A Knaresborough schoolgirl was so touched by homelessness in Manchester that she raised over £100 for Wetherby Salvation Army.
King James student, 12-year-old Pheobe Carmichael, started her own fundraising campaign after a trip to the North West city just before Christmas 2014.
“She saw first hand the homelessness issue there and decided to do something about it,” said a Salvation Army spokesman.
Pheobe has raised cash, saved in an ice cream carton, by mucking out at a horse stables, done two car boot sales selling toys she no longer needed, used her pocket money to buy sweets for a tombola.
The £105.50 will go to help people who are experiencing homelessness, poverty and isolation.
The Salvation Army’s local leader in Wetherby, Major Kelston Stanford said: “When I met Pheobe, I was so moved that a 12-year-old (or 10-year-old when she started fundraising) would care so much about homelessness that she would start her own fundraising campaign.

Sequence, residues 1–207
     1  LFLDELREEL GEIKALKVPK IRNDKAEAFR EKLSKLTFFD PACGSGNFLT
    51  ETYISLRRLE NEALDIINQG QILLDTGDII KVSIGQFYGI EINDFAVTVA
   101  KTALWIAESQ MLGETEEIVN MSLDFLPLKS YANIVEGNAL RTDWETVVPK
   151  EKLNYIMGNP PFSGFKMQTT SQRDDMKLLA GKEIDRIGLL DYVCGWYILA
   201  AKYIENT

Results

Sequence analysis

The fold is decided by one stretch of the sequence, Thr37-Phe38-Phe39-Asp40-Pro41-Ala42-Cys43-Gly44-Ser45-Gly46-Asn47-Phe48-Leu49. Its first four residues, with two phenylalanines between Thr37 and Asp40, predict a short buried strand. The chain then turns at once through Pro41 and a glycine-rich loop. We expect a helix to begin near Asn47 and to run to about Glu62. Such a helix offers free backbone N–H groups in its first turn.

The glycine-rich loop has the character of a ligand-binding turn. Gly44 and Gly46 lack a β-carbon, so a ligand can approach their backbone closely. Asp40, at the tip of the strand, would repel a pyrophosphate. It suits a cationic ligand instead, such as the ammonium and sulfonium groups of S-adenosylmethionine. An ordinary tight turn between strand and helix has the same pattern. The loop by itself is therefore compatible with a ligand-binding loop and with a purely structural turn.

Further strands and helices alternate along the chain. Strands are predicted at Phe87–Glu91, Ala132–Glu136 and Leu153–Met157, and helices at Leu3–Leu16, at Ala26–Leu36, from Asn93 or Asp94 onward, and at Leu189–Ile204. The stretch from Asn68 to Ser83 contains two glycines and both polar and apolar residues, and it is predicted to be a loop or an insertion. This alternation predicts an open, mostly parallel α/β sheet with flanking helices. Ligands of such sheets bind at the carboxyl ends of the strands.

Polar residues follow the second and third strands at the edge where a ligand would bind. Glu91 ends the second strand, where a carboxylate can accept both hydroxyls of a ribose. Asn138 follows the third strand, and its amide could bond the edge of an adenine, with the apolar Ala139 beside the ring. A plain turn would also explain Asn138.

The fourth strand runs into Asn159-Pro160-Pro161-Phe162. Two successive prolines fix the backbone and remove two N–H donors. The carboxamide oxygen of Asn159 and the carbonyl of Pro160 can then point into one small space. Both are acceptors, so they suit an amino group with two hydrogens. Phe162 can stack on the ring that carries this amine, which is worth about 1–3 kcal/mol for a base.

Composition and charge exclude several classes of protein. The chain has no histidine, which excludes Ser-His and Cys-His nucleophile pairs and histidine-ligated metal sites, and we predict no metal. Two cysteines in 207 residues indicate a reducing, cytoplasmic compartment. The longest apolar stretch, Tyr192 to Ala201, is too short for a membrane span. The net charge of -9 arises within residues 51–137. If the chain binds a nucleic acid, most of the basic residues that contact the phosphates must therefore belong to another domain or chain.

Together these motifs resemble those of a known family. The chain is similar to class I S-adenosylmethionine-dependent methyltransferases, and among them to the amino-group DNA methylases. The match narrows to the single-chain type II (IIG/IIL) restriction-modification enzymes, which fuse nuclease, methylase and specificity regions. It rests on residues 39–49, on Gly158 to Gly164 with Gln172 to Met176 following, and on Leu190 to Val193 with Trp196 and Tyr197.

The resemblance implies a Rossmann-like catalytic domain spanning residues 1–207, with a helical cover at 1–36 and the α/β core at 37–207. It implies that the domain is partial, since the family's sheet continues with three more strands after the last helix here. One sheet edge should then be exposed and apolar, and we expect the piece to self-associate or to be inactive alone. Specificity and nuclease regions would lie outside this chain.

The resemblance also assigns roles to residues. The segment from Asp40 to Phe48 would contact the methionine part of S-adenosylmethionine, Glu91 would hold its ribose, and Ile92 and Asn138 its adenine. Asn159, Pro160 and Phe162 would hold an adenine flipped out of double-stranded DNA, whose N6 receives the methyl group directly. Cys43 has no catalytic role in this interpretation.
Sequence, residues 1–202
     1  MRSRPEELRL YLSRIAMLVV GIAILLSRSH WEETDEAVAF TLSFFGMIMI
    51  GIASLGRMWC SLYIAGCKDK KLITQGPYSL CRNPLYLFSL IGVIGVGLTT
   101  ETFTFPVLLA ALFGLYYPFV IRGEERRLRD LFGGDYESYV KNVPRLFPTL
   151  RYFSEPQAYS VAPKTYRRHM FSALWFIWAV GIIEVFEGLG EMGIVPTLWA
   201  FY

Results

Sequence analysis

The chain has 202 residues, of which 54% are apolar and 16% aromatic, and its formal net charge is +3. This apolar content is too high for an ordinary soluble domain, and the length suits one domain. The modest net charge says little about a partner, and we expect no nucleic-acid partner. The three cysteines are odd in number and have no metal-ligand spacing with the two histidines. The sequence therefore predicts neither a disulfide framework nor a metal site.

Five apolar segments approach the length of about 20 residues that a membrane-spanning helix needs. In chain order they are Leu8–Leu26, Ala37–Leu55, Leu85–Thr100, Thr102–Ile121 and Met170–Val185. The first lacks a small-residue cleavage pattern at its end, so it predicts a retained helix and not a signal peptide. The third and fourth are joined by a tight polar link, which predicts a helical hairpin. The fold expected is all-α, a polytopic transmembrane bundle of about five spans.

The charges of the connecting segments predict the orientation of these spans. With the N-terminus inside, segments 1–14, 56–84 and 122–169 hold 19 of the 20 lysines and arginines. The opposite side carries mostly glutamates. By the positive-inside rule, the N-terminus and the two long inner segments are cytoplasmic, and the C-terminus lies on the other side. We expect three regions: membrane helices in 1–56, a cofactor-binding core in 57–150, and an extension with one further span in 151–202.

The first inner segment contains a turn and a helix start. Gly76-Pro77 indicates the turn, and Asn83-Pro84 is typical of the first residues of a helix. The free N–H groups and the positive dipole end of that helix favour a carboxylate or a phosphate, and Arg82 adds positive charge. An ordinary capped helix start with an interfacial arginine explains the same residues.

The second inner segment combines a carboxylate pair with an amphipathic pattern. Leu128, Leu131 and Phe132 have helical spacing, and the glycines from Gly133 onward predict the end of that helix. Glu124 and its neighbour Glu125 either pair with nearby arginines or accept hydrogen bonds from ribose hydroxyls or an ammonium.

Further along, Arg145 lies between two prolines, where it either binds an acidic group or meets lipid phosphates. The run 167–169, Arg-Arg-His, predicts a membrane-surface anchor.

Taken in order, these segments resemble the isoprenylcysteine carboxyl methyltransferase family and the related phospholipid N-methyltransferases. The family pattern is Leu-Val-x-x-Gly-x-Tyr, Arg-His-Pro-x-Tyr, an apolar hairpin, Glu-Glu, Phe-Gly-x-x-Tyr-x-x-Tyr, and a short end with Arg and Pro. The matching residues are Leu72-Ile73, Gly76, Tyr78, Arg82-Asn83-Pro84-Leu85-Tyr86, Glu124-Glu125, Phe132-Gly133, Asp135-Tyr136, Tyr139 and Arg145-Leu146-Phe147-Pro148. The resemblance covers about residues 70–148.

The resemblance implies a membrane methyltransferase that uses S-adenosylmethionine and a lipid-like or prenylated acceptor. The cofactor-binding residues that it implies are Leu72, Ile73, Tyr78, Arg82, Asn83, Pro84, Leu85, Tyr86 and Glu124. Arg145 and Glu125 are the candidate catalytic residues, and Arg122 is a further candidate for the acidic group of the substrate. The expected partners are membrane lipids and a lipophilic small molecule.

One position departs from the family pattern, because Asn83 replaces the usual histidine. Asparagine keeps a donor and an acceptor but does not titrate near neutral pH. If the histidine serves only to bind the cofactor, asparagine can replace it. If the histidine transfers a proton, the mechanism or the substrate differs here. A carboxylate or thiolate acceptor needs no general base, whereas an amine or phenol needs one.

Pheobe is amazing young lady, who has shown amazing compassion and caring. The money she raised will go to help people who are experiencing homelessness, poverty and isolation.”
In 2015, The Salvation Army celebrated 150 years of Christian service. From its foundation in London’s East End in 1865 by William and Catherine Booth, The Salvation Army is active in 127 countries.
The Salvation Army has been working in Wetherby for 23 years and runs an inclusion unit in partnership with Wetherby High.
Social action has been central to The Salvation Army’s Christian faith.
In 1885 Salvationists successfully campaigned for the age of consent to be raised from 13 to 16 and opened the UK’s first labour exchange in 1890.